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In full transparency, this press release was submitted by the Massachusetts Attorney General’s Office to SOURCE media.


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BOSTON – Massachusetts Attorney General Maura Healey and District of Columbia Attorney General Karl Racine co-led 21 attorneys general in filing a brief with the U.S. Supreme Court in support of the right of foreign nationals living in the United States under a Temporary Protected Status (TPS) designation to become permanent residents when they meet statutory requirements.

Temporary Protected Status (TPS) allows foreign nationals from countries that are experiencing humanitarian crises to live and work in the United States.

There are more than 17,000 TPS holders living in Massachusetts.

“Thousands of TPS holders have lived in Massachusetts lawfully for decades, raising families, becoming active in their communities, joining the workforce, and contributing to our economy,” Healey said. “Denying these immigrants the right to become permanent residents would harm them, their families, our communities, and our economy. We urge the Court to ensure TPS holders have this important opportunity.”

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The brief, filed in Sanchez v. Mayorkas, supports a married couple from El Salvador seeking to adjust their immigration status from TPS to lawful permanent residence. The couple sued to overturn United States Citizenship and Immigration Services’ (USCIS) denial of their application. The case pending before the Supreme Court seeks to overturn the Third Circuit’s determination that TPS holders who entered the country without being inspected and admitted at the time of their entry – which is the vast majority of TPS holders – are categorically barred from adjusting their status to permanent residency. In their brief, the attorneys general argue that the Court should reject the Third Circuit’s reading of federal law as contrary to Congress’ intent when crafting it, which was that TPS holders should have a ready path to permanent residency and then citizenship. The attorneys general specifically argue that TPS holders play critical roles in their states, that they are integral members of their communities, and that they greatly contribute to states’ economies.

According to the brief, 400,000 TPS holders live in the United States and play crucial social and economic roles, as many have built their families, careers, and communities here. TPS holders pay billions of dollars in state, federal and local taxes, spend their incomes locally, own homes, and have families that often include children and spouses who are citizens of this country. Thousands of TPS holders are frontline workers playing a critical role combating the COVID-19 pandemic, and others work in restaurants, grocery stores, farming, agriculture and food manufacturing.

Many TPS holders work in childcare; many also work as home health and personal care aides, nursing assistants, orderlies, or psychiatric aides. In Massachusetts, alone, more than 4,300 TPS holders are employed at nursing facilities.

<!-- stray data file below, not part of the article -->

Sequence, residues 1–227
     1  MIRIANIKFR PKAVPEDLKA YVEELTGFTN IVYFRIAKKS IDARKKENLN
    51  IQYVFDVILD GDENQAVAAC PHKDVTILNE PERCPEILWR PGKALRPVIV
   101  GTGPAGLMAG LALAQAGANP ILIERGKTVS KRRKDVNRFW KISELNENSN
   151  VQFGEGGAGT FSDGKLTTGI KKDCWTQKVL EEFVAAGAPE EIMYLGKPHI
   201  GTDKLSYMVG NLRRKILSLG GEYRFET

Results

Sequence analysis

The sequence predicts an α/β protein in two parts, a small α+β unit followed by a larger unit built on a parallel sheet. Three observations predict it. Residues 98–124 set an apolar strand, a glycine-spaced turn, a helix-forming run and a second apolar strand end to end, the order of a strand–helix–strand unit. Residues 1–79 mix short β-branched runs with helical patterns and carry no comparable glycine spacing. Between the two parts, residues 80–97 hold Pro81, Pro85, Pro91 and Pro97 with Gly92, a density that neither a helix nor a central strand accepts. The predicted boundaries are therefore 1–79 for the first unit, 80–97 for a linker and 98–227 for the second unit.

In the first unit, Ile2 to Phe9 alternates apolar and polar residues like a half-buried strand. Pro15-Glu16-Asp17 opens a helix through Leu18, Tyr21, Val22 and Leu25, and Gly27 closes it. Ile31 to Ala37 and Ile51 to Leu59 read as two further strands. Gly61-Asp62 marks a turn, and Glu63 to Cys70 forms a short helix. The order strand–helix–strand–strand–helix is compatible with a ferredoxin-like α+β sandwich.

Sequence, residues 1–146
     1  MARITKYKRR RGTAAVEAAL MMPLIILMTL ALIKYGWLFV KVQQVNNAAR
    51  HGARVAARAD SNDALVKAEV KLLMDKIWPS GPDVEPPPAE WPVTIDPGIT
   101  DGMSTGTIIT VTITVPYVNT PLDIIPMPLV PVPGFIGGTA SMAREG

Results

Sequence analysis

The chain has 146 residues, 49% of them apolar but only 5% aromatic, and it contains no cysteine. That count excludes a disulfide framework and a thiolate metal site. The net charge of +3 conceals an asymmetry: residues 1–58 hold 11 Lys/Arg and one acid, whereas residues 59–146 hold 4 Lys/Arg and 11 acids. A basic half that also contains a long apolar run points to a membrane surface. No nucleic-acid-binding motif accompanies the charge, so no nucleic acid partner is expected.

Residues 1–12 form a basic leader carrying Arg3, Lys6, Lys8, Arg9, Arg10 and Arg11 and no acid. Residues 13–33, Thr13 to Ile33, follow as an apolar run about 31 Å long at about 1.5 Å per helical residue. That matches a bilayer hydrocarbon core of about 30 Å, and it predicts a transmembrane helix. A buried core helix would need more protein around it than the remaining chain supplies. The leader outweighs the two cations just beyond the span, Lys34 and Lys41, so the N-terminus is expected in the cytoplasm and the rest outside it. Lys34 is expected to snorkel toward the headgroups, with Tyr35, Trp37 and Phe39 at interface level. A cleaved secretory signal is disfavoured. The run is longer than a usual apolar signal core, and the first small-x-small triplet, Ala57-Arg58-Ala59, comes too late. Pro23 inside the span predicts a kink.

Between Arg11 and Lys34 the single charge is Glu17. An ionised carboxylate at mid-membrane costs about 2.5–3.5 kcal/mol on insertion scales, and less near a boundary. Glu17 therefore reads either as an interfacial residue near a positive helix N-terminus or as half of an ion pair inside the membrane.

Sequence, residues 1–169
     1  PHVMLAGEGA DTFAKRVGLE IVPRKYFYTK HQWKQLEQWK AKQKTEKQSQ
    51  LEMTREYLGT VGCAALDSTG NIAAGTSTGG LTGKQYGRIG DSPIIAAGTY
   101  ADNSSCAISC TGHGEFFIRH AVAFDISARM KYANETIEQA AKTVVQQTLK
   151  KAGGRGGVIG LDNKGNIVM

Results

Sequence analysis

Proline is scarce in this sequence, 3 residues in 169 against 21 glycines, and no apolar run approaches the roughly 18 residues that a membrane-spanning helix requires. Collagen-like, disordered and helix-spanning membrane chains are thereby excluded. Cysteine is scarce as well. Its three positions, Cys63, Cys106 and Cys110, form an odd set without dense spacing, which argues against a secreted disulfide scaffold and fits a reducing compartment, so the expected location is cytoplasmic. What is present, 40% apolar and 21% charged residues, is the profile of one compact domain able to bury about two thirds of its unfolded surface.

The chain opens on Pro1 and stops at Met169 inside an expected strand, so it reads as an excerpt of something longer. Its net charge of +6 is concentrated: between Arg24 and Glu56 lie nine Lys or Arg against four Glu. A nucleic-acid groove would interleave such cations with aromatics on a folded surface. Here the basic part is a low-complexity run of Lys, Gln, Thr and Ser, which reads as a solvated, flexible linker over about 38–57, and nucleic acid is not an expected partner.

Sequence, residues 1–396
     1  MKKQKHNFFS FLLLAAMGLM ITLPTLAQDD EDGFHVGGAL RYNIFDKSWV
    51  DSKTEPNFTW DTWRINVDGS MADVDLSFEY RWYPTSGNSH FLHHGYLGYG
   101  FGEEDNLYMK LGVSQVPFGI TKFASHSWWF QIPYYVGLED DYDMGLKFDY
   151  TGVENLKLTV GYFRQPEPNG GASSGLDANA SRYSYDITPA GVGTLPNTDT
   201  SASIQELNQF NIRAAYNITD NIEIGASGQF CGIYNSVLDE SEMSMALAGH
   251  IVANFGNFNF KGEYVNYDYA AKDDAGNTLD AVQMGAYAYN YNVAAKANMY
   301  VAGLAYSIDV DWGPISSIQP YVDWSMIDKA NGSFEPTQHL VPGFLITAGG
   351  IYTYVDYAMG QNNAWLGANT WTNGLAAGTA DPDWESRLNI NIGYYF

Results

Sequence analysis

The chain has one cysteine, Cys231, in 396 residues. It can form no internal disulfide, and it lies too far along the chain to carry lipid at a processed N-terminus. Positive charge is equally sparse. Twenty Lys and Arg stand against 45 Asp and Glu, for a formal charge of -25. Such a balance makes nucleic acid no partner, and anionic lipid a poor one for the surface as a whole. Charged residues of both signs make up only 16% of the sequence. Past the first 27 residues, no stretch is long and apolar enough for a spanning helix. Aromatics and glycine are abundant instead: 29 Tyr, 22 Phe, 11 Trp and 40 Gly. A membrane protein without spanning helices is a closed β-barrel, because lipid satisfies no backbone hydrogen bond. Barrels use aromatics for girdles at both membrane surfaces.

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 “More than 17,000 Temporary Protected Status holders live in Massachusetts and are unable to return to their home countries due to armed conflicts or natural disasters,” said Eva Millona, President and CEO of the Massachusetts Immigrant and Refugee Advocacy Coalition. “Our communities, businesses and economy rely on their contributions – at least 5,600 TPS holders in Massachusetts are essential workers. We must break down unnecessary barriers for TPS holders that prevent them from benefitting from a family petition to obtain permanent residency. MIRA is grateful for Attorney General Healey and her office’s leadership on this issue.”

TPS holders contribute greatly to state economies. Without their employment, the attorneys general argue that the United States would lose more than $160 billion in gross domestic product and $6.9 billion in Social Security and Medicare contributions, in addition to billions of dollars in taxes. The country’s employers would also lose nearly $1 billion in turnover costs. 

The brief states that every six to 18 months, the U.S. Department of Homeland Security decides whether to terminate TPS designations.

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Without a viable path to permanent residency status, many TPS holders live in constant fear of losing their protected status and being uprooted from their homes and families in the United States. The attorneys general argue that denying TPS holders the right to adjust their status to permanent residency would greatly harm these foreign nationals by forcing them to leave their jobs and families to return to unsafe home countries and apply for permanent residency status, a process that can take years or decades.

The brief was led by AG Healey and AG Racine and joined by the attorneys general of California, Connecticut, the District of Columbia, Hawaii, Illinois, Maine, Maryland, Michigan, Minnesota, Nevada, New Jersey, New Mexico, New York, Oregon, Pennsylvania, Rhode Island, Vermont, Virginia, and Washington.

The amicus brief was handled in Massachusetts by Civil Rights Division Chief Abby Taylor and Deputy State Solicitor David Kravitz.

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By editor

Susan Petroni is the former editor for SOURCE. She is the founder of the former news site, which as of May 1, 2023, is now a self-publishing community bulletin board. The website no longer has a journalist but a webmaster.